Environment Secretary George Eustice has called on motorists to stop “panic-buying” petrol and return to their normal pattern of purchasing.
Eustice said there was not a shortage of fuel and blamed motorists for filling up when they did not need to for some petrol stations running dry.
“The most important thing is that people buy petrol as they normally would. There isn’t a shortage. There have been some shortages of HGV drivers getting petrol to forecourts but actually that is quite limited,” he said in a pooled clip for broadcasters.
“The cause of these current problems is that panic-buying episode and the most important thing is for people to start buying petrol as they normally would.”
With people concerned over a lack of fuel, some have been taking jerry cans to their local forecourts to stock up.
But is that safe to do? And how long does petrol keep for before it goes ‘off’?
The answers might surprise you.
Should you keep petrol at home?
“There is always a risk when storing flammable liquid,” says the RAC, “so for the average driver, keeping fuel at home isn’t advisable.”
“There are rules for home storage, but you should only do so if you’re confident that you can keep it legally, safely and with the right equipment,” it says.
You’re only allowed to keep a certain amount of properly-stored petrol at home at any time.
The Health and Safety Executive states that individuals are limited to storing 30 litres of petrol without a licence. However, this can only be done with certain restrictions on the type of container:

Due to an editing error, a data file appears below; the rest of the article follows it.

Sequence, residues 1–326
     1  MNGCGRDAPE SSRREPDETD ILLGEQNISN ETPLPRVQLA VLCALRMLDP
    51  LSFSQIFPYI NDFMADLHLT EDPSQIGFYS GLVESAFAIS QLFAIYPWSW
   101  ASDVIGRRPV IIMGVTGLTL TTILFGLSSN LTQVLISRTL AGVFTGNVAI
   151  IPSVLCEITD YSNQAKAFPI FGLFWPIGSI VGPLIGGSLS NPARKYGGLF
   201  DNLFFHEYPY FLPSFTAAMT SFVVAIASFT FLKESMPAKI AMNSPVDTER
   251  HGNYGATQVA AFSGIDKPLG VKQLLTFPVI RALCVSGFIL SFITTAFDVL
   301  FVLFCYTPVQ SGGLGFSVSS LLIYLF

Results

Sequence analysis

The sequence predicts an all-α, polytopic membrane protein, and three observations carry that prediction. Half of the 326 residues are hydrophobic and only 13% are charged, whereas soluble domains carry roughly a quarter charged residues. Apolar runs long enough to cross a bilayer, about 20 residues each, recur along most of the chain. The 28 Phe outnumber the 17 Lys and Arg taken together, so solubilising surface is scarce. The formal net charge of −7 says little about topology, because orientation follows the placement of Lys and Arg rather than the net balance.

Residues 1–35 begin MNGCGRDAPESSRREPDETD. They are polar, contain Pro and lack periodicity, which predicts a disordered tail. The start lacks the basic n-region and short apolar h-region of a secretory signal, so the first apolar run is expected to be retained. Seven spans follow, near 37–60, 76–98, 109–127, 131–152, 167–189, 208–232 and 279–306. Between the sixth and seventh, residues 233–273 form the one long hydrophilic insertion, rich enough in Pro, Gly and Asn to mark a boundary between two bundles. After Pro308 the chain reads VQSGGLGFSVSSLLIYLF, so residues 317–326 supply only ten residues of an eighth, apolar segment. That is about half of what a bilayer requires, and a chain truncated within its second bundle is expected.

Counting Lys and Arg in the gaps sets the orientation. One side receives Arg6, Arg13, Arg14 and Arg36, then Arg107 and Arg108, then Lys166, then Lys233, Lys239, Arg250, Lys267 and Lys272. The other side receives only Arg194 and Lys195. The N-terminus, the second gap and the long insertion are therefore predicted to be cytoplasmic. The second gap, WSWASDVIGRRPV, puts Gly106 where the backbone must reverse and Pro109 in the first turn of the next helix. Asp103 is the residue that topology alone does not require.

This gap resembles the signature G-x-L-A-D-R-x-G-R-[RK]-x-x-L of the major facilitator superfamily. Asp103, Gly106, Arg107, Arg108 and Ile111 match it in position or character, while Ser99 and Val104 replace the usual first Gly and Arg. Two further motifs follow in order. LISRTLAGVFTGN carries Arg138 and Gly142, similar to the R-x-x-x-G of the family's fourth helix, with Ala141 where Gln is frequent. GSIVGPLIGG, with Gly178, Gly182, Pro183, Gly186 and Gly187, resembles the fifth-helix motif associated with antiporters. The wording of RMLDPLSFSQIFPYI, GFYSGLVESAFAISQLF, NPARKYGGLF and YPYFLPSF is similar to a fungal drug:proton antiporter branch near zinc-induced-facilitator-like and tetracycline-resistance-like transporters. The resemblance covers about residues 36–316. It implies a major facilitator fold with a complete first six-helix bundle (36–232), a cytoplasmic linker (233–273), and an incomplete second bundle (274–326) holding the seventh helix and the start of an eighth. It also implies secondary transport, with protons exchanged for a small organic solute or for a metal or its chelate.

- Plastic container - storing up to 10 litres
- Metal container - storing up to 20 litres
- Demountable fuel tank - storing up to 30 litres
You will need to contact the Petroleum Enforcement Authority if you wish to keep more than 30 litres at home.
If you are going to keep fuel at home, it should be stored in either a plastic portable container or a metal jerry can with a tight-fitting cap, one that is designed specifically for use with petrol or diesel.
It is legal to take a plastic container or a metal jerry can to a fuel station and fill it up, though some filling stations have certain rules about the size and style of the container, so ask ahead of time if you’re unsure.
How long does petrol keep for?
The RAC says that, generally speaking, “petrol has a shelf-life of six months if stored in a sealed container at 20 degrees – or just three months if kept at 30 degrees.
“The more it’s exposed to heat, the more quickly it will go off.”
The quality of your container also matters too, as if it isn’t tightly sealed, you’ll be able to keep it for even less time. In this instance, there is also the increased fire risk due to flammable vapours escaping.
Diesel can remain usable for between six and 12 months before becoming ‘gummy’; if diesel is used in this state, it can clog up and cause issues with your engine.
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